Server Fault is a question and answer site for system and network administrators. Join them; it only takes a minute:

Sign up
Here's how it works:
  1. Anybody can ask a question
  2. Anybody can answer
  3. The best answers are voted up and rise to the top

I've got a 1 year old Dell laptop running Windows 7 Pro 32 bit.

Last week, the PC started refusing to obtain an IP address via DHCP, but this only happens on the Wired Ethernet connection. The PC is assigned an APIPA address in the 169.XXX.XXX.XXX range. However, if I manually assign an IP address, the connection works fine.

If I switch over to wireless, the PC is able to obtain an IP address via DHCP just fine. The WAP which it is connecting to is on the same network as the DHCP server (a Netgear DG834 ADSL Modem router).

The network is a simple Windows network (no domain, active directory, etc).

I've tried connecting the laptop to different network points around the office, and even directly into the ADSL router, and it doesn't make a difference.

All indications suggest that there is something wrong in the Windows Networking stack on this machine.

Please help.

UPDATE: It's worth pointing out that we changed the router (and thus DHCP server) from a Siemens Gigaset to the current DG834 router on the same day. No other machines on our our network of 40+ devices were affected by the change. It's possible that the problem could be related to this, though I can't see how.

share|improve this question
up vote 1 down vote accepted

I would reset the Windows Socket with the command

netsh winsock reset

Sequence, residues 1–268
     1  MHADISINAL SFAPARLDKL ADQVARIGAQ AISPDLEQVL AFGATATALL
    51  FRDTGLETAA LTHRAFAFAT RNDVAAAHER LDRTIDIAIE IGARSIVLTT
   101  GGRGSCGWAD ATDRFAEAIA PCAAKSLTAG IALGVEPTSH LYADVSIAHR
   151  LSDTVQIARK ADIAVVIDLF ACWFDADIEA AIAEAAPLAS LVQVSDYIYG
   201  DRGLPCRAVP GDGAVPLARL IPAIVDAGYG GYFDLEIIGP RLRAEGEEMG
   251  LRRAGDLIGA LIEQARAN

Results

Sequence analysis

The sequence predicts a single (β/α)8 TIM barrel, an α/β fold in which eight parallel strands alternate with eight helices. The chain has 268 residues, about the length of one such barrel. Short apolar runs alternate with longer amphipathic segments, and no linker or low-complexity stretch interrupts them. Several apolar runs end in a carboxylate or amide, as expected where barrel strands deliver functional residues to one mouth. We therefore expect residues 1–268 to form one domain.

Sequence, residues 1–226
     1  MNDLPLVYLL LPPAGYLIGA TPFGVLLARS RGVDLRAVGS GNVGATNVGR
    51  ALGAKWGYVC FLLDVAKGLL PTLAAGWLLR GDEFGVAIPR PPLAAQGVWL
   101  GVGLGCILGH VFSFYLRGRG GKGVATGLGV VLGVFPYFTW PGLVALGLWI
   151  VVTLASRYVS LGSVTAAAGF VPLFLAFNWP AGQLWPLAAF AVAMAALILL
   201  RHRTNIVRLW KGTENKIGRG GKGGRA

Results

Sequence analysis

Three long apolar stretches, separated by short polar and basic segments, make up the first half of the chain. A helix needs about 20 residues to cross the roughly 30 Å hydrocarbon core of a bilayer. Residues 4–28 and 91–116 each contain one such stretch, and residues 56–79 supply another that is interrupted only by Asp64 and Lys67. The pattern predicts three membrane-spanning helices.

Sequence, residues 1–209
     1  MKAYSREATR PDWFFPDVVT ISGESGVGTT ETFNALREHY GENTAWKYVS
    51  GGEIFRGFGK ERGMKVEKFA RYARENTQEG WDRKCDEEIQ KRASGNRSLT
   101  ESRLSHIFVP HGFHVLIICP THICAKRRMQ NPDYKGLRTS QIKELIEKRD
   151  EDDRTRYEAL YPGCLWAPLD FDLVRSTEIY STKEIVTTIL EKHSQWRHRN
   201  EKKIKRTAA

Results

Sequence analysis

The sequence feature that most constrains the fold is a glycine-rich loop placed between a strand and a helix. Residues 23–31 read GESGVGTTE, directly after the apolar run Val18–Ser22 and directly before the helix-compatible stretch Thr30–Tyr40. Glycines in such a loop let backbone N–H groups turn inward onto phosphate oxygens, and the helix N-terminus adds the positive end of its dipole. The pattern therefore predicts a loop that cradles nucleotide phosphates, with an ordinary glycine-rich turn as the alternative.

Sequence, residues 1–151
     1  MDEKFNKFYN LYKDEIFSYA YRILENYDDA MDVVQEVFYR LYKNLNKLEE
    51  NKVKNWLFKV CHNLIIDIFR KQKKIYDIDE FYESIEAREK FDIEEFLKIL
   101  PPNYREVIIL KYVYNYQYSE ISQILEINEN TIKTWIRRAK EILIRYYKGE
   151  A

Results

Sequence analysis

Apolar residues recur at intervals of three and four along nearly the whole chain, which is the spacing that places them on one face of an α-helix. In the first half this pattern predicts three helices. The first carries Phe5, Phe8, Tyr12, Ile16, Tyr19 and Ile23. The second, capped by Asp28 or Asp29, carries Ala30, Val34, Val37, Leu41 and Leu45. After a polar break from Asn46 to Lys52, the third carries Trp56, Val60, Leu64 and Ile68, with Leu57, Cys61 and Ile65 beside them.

executed in an cmd with administrator rights.

If this doesn't work I would check if there are free IP-Addresses, the router can assign or if all addresses have been assigned to clients?

Furthermore you could boot with a Linux Live-CD or use another router to check if Windows, your NIC or the router is the source of your problem.

share|improve this answer
Thanks. Going to try the winsock reset command. – Saajid Ismail May 10 '11 at 10:00
another good netsh command is netsh int ip reset resetlog.txt. forces all network adapters back to DHCP clears any and all settings. – SpacemanSpiff May 10 '11 at 12:05
Thanks Masterlan. In the end the problem "seemed" to have been on the router's DHCP server. I increased the range of IP-addresses that DHCP could dish out from, and that solved the problem. Quite strange though, as it was assigning addresses to the Wireless adapter on the same PC without problem. Sounds like the DHCP server might have been remembering each adapter's MAC address and wanting to assign the same address each time, and when it found that the address was already in use by someone else, it didn't respond. The only logical conclusion I can come to. Thanks for the advice. – Saajid Ismail May 10 '11 at 14:17

It might be a firewall problem that is blocking DHCP - you could try

  • turning off the firewall briefly for a few seconds to see if that fixes it (if you are paranoid, disconnect your internet connection from your router)

  • installing Microsoft Network Monitor and seeing what packets are being sent / received

You can get DHCP to attempt to get a lease by opening a command prompt (as Administrator) and using the commands

ipconfig /release
ipconfig /renew
share|improve this answer
Hi. I've tried the above already. Disabled both anti-virus and my firewall. Hasn't made a difference. Tried to do an /release then /renew, and no difference either. – Saajid Ismail May 10 '11 at 9:56

Your Answer


By posting your answer, you agree to the privacy policy and terms of service.

Not the answer you're looking for? Browse other questions tagged or ask your own question.